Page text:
How The Other Half Thinks

UPADTE: I stand corrected. Sarah A. Hoyt has published in conventional forms and has self-published. I apologize for the error. My main point, of course, still stands: She’s in the self-publishing, non-traditional vanguard and if you’re interested in knowing more about it, her blog and the specific post I mentioned are good places to visit.

UPDATE 2: It’s worth noting the obvious (which is so obvious it’s being overlooked): The fact that I’ve not self-published does not mean that I’m OPPOSED to self-publishing. Not in the least. I’m all for it. I have reasons for not having done so myself, and every single day, I wrestle with those reasons, and ask myself if they’re enough to keep me tied to conventional publishing.

For reasons that are still not clear to me, a post of mine that I zipped off in a moment of not-thinking-much has generated more comment and linkage than anything else on this blog besides the Pink Slime posts.

Among the commentary is this from a writer named Sarah A. Hoyt. She’s got nuthin’ good to say ’bout me. Alas. (I was amused by her first sentence: “I don’t mean to pick on this writer,” when in fact her intent is a full-bore assault on me, my work, my work ethic, my life, probably my height and weight…)

(Although I must say: I can’t figure out how she missed my name. I think of it as immodestly plastered all over my website. But maybe what I’m seeing isn’t what other people see????)

Her post is worth taking time to read because it exemplifies the way the “other half” thinks about publishing and writing. The “other half,” in this case, being the self-publishers who represent the vanguard of change in American publishing. If you’re interested in tracking the tension in publishing in the US today, take a look.

4 thoughts on “How The Other Half Thinks

  1. Perhaps you ought to check out Ms. Hoyt’s publishing credits before you assign her away to the “self-publishing” group you seem to have so little respect for. Yes, Ms. Hoyt does self-publish, but most of that is back list titles. She also has more than 100 short stories published in professional magazines and anthologies. She has somewhere in the range of 20 novels published by “professional” — legacy — publishers. What she is saying in her post is that there is a whole new world out there, one with a number of possibilities that are really better suited for non-fiction authors than for fiction authors — if folks would just take advantage of them. Enhanced e-books that allow for active linking to outside sources such as videos, maps, other primary and secondary source material are much better suited for non-fiction works. Think about the ability to write about Mozart’s creative process and then linking to a particular work to accent your point. Or to be able to show video of what goes on in any particular industry you might be writing about. Perhaps, if you can get past the feeling that you’ve been attacked, which you haven’t, you might actually see something in the post that can help you adapt to the changes that are coming, like it or not, to the industry.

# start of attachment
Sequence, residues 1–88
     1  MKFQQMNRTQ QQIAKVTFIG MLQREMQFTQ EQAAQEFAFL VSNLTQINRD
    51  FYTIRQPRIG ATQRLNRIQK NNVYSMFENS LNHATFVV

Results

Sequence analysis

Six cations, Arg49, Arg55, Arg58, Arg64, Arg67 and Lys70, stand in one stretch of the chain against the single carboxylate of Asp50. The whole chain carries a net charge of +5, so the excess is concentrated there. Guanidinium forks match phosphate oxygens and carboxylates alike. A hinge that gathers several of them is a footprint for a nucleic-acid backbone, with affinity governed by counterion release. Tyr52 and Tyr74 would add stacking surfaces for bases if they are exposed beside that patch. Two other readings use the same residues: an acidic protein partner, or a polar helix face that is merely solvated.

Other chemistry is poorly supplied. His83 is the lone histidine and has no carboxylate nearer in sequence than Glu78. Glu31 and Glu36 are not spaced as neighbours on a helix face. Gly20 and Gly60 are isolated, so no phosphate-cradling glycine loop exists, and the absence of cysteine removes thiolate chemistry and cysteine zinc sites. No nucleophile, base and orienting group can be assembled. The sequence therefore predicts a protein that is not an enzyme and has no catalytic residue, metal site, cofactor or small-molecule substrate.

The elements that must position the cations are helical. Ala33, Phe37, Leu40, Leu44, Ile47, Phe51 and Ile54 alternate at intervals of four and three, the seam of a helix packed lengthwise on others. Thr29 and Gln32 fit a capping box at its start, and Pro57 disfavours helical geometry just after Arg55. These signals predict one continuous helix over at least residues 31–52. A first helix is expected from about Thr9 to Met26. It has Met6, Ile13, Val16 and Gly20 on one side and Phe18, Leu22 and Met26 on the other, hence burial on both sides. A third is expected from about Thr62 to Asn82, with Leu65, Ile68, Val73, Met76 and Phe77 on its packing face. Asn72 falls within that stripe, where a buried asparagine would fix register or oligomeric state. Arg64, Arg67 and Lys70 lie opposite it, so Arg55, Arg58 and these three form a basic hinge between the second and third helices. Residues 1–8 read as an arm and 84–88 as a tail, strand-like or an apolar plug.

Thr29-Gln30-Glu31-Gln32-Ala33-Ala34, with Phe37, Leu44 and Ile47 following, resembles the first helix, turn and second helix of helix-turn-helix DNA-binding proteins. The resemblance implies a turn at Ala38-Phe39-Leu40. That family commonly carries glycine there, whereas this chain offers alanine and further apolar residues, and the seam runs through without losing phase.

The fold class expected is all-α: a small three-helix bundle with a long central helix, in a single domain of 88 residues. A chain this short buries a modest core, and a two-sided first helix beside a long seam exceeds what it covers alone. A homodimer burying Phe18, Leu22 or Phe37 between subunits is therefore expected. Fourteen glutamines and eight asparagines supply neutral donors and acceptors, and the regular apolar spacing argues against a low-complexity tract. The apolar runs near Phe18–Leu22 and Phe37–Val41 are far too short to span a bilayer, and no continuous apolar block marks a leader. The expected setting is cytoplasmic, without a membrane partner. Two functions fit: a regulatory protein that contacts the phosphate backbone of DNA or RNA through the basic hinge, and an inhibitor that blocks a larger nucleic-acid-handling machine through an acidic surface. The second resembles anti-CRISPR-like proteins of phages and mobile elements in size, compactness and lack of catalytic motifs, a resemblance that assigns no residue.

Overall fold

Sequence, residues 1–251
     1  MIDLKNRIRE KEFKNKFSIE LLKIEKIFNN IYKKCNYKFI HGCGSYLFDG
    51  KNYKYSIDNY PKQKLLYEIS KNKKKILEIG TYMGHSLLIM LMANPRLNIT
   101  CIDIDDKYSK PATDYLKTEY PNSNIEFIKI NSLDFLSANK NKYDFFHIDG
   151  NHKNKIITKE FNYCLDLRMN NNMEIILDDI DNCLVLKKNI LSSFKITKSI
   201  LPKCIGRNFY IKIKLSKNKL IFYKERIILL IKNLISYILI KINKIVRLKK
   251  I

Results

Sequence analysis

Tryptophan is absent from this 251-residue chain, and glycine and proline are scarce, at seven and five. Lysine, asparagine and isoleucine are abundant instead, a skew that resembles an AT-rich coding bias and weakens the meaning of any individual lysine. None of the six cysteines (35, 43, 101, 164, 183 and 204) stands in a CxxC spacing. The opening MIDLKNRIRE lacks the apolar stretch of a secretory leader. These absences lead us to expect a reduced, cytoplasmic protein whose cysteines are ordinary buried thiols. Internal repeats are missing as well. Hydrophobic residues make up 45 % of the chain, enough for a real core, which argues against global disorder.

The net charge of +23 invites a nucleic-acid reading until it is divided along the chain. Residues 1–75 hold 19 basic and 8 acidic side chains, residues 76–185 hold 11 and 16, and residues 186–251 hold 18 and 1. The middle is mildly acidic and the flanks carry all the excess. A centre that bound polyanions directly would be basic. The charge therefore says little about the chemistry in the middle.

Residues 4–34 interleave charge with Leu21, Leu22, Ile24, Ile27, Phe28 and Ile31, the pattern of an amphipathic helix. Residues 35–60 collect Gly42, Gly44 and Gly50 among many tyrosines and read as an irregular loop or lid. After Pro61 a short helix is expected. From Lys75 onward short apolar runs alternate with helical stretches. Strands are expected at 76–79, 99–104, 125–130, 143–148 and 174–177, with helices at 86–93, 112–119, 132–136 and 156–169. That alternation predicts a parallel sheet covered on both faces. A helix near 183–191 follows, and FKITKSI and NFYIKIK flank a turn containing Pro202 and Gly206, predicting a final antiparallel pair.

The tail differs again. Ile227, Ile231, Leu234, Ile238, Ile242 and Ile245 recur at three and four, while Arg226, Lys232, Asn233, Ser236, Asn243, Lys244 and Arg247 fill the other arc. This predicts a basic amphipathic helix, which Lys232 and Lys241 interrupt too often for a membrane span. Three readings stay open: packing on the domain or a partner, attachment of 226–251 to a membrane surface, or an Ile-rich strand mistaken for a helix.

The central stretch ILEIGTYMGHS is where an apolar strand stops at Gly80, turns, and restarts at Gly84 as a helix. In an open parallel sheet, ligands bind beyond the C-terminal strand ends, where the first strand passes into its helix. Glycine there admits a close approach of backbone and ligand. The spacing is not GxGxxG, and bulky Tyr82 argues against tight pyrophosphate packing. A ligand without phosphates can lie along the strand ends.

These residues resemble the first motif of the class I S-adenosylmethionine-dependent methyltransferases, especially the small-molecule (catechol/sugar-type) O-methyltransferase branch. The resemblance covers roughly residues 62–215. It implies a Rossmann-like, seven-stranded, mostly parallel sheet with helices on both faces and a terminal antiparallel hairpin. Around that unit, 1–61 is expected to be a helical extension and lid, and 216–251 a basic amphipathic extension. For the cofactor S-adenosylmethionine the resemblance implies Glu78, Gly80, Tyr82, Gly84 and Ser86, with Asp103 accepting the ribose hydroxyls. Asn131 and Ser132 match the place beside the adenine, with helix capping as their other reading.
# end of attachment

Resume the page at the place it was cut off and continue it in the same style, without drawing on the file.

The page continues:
2. You are correct about SH’s publishing history; I’ll change that. Thanks for taking time to comment.

  3. Pingback: I May Live To Regret This . . . « Maureen Ogle

  4. You may not so much live to regret it as enjoy having your consciousness raised, the way men who don’t personally own slaves or oppress women sometimes realize with a thump that they enjoy many privileges they haven’t earned (metaphor – not implying you haven’t earned YOUR privileges).
    Even authors with a small potential reader-base might be better off financially and publicity-wise going directly to their readers. Might. Don’t forget that even if you decide it isn’t for you right now, things are changing so quickly that it may be better for you relatively soon.
    Self-pubbers have so many options for the production of their word, from expanded ebooks (where you could easily put a lot of the research that you do that now doesn’t get into the printed final product, and make some of those readers ecstatic) to printed books where you get to make all the decisions (especially those that are now made for you by your publisher that you aren’t entirely happy with). Consider revisiting the idea on a regular basis – you may be pleasantly surprised.


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